My mother loved black walnuts. Whenever she got to Des Moines, this farmwife liked to shop at Campbell’s Nutrition. She knew they’d have bold-flavored black walnuts. Most local stores only carried the more bland English walnuts.
Mom often baked and frosted dozens of her soft black walnut chocolate cookies. She’d freeze cakepans full of them.
I found the recipe in her own handwriting.
Chocolate Drop Cookie from "Tipton Iowa Cooks" (Very good & freezes well) Cream together: 1/2 cup butter 1 cup sugar 1 egg 1/2 teaspoon vanilla 2 squares melted chocolate Sift together: 1 3/4 cup sifted flower 1/2 teaspoon salt 1/2 teaspoon soda Add dry ingredients to creamed ingredients. Add: 3/4 cup buttermilk 1 cup nuts (black walnuts are good) Drop by teaspoons on cookie sheet. Bake at 400 degrees 12-15 minutes. Makes about 4 dozen. Chocolate icing for Cookies 1 Tablespoon butter 1 square melted chocolate 3 Tablespoons milk 1 cup confectioner's sugar 1/2 teaspoon vanilla Thin with milk to make glossy & easy to spread. Makes a frosted cake-like cookie. A real favorite of ours. --Recipe from Mrs. Evan Hultman, Waterloo(wife of the Iowa Attorney General)
Mom’s taste for black walnuts went back to the Great Depression, maybe earlier. The Wilson family would gather them in the timber in Guthrie or Dallas County, then dry them outside. Her dad, Clabe, would run the Model T truck over the green husks to loosen them, making them easier to shuck. Under those husks, which would leave dark stains on their skin, were the hard shells that still needed cracked to pick out the earthy bittersweet nutmeats.
When Doris (Mom) was in high school, the family had a pet squirrel one summer. In the fall, Rusty began to spend less time with them, but he’d show up when Doris cracked walnuts on the back step. He was smart enough to help himself to the ones she’d already managed to open.
Leora’s Dexter Stories: The Scarcity Years of the Great Depression
Rusty is on the fender of the Wilsons’ Model T roaster, featured on the cover of the book. Junior, the youngest brother, is looking down at him.
I recall when growing up as a kid how my family shucked walnuts much as you described. We’d lay them out in the driveway for several days, and Daddy would run over them on his way to/from work.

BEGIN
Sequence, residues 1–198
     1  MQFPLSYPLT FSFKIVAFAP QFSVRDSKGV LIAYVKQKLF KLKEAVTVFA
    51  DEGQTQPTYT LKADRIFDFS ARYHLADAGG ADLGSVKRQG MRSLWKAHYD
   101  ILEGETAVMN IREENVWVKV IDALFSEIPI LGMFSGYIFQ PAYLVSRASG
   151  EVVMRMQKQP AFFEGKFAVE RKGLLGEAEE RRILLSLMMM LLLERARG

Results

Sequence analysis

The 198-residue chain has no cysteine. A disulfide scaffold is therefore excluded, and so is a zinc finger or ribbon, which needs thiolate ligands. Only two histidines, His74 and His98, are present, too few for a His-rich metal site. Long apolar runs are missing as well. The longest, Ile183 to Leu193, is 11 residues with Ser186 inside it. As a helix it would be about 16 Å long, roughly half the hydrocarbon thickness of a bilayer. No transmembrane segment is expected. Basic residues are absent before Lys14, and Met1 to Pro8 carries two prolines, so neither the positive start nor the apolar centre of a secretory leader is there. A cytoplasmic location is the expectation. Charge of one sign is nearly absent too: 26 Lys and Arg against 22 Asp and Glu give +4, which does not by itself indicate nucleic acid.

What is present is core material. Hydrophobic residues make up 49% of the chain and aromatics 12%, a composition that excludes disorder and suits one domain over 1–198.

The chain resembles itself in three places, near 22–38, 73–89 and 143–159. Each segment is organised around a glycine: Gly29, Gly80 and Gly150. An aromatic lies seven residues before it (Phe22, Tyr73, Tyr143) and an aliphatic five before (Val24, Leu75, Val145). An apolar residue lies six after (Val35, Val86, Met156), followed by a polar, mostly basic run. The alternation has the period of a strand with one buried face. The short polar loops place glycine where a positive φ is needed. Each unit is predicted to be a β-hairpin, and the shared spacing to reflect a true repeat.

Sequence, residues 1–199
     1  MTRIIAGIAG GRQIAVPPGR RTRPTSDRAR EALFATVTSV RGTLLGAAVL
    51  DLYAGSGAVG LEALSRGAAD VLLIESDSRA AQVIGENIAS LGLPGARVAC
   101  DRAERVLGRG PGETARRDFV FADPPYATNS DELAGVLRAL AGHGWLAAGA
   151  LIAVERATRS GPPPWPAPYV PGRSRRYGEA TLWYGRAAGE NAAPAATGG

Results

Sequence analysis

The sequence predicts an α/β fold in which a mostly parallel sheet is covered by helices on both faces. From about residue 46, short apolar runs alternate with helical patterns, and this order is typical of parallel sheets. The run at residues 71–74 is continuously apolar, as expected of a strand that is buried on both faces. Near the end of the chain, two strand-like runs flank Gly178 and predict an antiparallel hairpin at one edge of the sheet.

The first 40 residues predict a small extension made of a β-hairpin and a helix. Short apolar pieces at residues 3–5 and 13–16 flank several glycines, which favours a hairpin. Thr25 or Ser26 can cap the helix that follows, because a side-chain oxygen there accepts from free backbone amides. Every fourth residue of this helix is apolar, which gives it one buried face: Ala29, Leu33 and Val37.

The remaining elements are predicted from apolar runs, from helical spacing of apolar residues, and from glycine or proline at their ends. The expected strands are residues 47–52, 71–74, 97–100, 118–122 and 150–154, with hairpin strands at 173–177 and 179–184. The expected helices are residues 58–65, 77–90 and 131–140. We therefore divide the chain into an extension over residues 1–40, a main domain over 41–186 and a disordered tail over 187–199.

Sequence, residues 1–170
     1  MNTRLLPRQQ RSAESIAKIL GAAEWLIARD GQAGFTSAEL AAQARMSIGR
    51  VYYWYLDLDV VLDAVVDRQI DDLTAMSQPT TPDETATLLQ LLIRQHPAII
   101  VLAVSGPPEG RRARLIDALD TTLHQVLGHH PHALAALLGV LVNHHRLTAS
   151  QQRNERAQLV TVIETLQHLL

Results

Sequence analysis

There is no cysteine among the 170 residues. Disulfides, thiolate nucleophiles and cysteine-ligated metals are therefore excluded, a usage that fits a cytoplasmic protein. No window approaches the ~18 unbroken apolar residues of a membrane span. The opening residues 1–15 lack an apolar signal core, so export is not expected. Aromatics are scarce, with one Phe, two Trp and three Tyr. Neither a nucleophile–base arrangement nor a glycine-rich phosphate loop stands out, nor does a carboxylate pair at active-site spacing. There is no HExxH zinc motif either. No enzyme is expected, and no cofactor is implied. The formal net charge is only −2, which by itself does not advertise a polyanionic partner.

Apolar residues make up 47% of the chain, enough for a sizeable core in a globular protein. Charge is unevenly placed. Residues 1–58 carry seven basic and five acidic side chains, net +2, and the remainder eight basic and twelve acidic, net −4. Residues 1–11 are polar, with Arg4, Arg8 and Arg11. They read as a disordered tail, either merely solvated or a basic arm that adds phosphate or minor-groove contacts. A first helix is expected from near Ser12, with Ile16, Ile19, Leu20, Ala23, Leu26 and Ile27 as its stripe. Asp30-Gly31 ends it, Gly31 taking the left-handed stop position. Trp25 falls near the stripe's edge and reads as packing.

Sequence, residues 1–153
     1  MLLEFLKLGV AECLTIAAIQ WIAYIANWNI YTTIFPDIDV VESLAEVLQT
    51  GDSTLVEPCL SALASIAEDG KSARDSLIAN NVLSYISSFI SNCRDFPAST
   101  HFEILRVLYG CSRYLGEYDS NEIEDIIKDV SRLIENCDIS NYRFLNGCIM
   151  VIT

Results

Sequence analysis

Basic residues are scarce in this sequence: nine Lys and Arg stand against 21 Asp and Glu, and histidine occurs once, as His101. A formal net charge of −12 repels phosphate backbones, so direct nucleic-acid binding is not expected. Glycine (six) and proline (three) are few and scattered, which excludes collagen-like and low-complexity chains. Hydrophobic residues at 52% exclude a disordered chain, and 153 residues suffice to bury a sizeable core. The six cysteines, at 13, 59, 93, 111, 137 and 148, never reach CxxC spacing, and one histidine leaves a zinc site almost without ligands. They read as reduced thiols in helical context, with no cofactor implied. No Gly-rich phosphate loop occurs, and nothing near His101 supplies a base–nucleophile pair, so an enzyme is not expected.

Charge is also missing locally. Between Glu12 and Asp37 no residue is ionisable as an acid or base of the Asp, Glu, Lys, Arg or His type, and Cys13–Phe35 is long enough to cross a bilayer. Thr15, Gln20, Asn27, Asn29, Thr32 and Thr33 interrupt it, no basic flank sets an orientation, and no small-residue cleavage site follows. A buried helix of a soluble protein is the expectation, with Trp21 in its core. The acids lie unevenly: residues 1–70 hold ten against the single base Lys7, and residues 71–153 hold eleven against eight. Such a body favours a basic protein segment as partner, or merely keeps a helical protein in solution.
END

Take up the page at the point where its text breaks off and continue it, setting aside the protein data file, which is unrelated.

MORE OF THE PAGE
If you did it (in the 1960s?), I wonder if people still do it this way.
The cookies do sound good, but they sure are labor intensive!
And also frosted!
Those look so good… I wish I wasn’t a “slice and bake” kind of cook. What I remember most is the divinity.. whenever we went to grandma Kennedy’s at Christmas, someone would always bring over divinity or mom and grandma would make some…..
Oh, I love divinity! Which walnuts did she use in it? Mom used English walnuts for divinity. (Leora called it divinity fudge.) Mine turns out as “spoon divinity.” Too moist but still heavenly!
My dad talked about black walnuts too – collecting them and getting the husks off that left hands heavily stained. Great story.
See what we’ve missed out on?
Thank you for the recipe…looks good. I had 4 huge walnut trees and 1 black walnut (I believe) I loved giving grocery bags full of those nut in the fall for gifts.
I used to LOVE black walnut ice cream. That unique taste. But I don’t know if I could even buy black walnuts if I wanted to. It seems that I after reading a blog post several years ago about a 100 year old recipe involving black walnuts that I did a little search and came up with nothing. They are SO labor intensive.
Try a health food store. That’s where Mom always bought them when she couldn’t find them anywhere else. Black walnut ice cream? That one is hard to imagine!
Oh, that’s a good idea. I can let my fingers do the walking . . . .
The cookies look so good…and with that chocolate frosting! Thank you for sharing. I would like to try this recipe sometime…
Way too much work in that recipe for me! I’ll bet they’re tasty, though. Gosh, I’m so far behind, I haven’t ordered your new book yet. Must get on it.
Just dropping the dough for cookies is too much work for me. If I can’t spread it in a pan to bake (brownies), forget it. Hey, just add black walnuts to a brownie mix!